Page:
Nothing is hotter in the education world right now than the massive open online course, or MOOC. Behind the goofy acronym is an idea that flips the old “online degree” on its head. Instead of Internet diplomas offered by sometimes dubious schools for a price, MOOCs make an elite education available to anyone, typically for free but without course credit.
While online materials from MIT and a few other universities had been available for years, these courses first grabbed the public imagination in 2011, when an artificial intelligence class offered by Stanford University attracted 160,000 online students. Today, some of the world’s top educators are extolling MOOCs as a phenomenon that could transform the lives of people unable to attend top colleges in person, including young people in Third World villages, American working moms, and restless retirees.
Among several star-studded new ventures, MIT and Harvard are each pouring $30 million into edX, a nonprofit they founded last year to develop interactive classes from those and other premier universities. “We’re witnessing the end of higher education as we know it,” Northeastern University president Joseph E. Aoun declared in an opinion piece in the Globe in November.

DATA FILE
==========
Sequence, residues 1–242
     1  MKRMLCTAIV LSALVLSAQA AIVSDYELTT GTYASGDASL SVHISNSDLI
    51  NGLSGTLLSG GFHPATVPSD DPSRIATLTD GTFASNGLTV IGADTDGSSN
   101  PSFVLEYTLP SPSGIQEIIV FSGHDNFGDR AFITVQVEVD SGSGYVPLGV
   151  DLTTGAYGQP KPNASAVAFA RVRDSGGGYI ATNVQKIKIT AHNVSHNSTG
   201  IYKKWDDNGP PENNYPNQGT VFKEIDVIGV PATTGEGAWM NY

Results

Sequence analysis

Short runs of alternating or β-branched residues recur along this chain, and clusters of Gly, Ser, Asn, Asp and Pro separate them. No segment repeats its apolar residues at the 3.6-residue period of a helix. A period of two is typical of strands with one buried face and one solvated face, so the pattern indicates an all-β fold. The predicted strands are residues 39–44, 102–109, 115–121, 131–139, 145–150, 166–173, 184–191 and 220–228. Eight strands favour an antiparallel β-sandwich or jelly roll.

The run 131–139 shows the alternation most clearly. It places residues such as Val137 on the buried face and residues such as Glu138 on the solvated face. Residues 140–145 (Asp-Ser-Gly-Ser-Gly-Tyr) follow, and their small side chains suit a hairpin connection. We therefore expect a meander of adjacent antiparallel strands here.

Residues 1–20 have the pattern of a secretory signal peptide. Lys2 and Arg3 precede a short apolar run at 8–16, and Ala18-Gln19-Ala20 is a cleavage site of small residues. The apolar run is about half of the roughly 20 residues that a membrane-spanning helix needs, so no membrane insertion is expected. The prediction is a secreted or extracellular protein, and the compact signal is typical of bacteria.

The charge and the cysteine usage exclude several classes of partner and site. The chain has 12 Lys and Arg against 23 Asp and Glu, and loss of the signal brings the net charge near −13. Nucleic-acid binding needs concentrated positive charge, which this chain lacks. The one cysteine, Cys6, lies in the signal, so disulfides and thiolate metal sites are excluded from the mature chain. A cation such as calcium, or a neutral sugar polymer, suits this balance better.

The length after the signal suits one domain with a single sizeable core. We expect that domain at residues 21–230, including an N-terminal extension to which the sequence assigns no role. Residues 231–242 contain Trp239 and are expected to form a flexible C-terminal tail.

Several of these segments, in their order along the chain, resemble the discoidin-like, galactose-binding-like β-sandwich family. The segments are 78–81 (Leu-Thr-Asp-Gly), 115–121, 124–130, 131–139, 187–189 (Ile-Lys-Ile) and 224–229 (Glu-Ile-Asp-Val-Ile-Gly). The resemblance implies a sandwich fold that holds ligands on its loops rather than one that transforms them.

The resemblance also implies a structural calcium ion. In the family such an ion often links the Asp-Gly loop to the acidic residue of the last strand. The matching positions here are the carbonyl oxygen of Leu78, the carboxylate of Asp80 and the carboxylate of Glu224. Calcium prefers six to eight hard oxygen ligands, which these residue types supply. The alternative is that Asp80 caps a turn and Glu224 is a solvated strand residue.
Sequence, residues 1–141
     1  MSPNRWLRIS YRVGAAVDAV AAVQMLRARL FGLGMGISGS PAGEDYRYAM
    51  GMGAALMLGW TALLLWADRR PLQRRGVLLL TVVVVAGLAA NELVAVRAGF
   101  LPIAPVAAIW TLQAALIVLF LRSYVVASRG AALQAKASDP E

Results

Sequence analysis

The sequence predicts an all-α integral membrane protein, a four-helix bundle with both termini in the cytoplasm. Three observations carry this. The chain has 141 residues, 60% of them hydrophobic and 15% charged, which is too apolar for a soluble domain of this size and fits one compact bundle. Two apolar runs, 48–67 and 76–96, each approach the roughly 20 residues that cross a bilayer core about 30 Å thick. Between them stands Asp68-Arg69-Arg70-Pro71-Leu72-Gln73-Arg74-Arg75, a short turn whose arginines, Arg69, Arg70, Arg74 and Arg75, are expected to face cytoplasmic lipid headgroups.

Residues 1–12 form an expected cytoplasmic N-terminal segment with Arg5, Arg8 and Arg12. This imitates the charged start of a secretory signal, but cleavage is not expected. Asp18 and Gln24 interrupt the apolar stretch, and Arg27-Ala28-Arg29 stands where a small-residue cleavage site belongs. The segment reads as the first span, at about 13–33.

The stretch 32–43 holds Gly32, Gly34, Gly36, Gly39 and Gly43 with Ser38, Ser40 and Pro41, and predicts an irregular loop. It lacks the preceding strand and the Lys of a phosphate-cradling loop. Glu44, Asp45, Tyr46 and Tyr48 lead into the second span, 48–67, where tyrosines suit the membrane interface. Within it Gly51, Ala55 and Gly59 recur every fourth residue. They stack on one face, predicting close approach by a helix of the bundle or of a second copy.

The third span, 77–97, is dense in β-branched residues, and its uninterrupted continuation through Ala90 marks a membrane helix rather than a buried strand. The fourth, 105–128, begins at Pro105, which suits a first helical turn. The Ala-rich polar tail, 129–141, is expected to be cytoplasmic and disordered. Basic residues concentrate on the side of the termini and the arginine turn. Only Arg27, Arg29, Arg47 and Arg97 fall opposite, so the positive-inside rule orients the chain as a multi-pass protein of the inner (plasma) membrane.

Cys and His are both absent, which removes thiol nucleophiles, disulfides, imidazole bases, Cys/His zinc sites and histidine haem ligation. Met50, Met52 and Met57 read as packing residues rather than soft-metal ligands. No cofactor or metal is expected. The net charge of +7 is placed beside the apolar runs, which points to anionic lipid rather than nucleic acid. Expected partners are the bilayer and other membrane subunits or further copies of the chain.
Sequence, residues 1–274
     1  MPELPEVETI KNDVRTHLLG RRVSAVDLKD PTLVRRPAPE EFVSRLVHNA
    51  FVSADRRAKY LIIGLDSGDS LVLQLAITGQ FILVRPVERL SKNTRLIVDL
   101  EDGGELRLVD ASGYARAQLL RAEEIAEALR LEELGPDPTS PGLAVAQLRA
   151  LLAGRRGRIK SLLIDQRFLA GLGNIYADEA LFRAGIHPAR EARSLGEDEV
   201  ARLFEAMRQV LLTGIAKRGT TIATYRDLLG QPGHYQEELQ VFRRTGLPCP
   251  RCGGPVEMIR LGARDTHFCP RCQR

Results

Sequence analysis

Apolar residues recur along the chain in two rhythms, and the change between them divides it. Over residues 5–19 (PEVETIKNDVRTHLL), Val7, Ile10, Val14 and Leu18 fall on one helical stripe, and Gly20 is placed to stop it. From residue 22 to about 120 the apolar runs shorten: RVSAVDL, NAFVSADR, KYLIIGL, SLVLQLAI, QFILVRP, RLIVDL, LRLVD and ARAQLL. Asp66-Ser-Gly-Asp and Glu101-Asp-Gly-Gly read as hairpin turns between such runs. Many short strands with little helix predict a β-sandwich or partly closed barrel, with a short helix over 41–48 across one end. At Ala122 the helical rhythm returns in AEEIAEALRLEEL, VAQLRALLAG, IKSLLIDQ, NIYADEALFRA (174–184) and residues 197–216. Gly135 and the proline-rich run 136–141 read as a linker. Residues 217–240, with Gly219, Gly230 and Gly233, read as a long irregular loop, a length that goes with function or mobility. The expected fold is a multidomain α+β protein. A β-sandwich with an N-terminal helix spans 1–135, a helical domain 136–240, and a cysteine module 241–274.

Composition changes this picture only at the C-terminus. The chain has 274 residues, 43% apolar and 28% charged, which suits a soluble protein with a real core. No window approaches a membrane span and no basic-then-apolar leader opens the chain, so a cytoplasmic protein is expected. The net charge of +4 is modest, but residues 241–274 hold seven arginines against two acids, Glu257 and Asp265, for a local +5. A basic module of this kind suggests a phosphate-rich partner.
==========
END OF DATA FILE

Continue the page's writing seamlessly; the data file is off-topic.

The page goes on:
But how completely can online courses reproduce the college experience? Lexington writer and entrepreneur Jonathan Haber wanted to find out. This January, he set out to earn a “one-year MOOC BA.” He is trying to cram about 32 courses, all free, into 2013—with enough breadth and depth to fulfill the distribution requirements for a bachelor’s degree in philosophy.